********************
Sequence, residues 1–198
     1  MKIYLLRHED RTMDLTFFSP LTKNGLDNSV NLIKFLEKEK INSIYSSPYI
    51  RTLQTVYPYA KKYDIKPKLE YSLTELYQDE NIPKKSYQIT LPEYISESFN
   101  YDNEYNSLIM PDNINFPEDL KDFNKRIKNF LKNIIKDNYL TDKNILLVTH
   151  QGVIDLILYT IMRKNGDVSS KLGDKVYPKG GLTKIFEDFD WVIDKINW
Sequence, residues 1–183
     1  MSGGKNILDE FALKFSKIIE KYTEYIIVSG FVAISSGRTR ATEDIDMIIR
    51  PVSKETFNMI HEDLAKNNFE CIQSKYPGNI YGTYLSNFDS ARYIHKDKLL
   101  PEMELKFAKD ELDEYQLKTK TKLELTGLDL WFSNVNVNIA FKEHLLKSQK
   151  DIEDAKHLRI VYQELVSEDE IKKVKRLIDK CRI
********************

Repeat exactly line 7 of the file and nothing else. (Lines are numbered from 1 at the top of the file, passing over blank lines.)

     1  MSGGKNILDE FALKFSKIIE KYTEYIIVSG FVAISSGRTR ATEDIDMIIR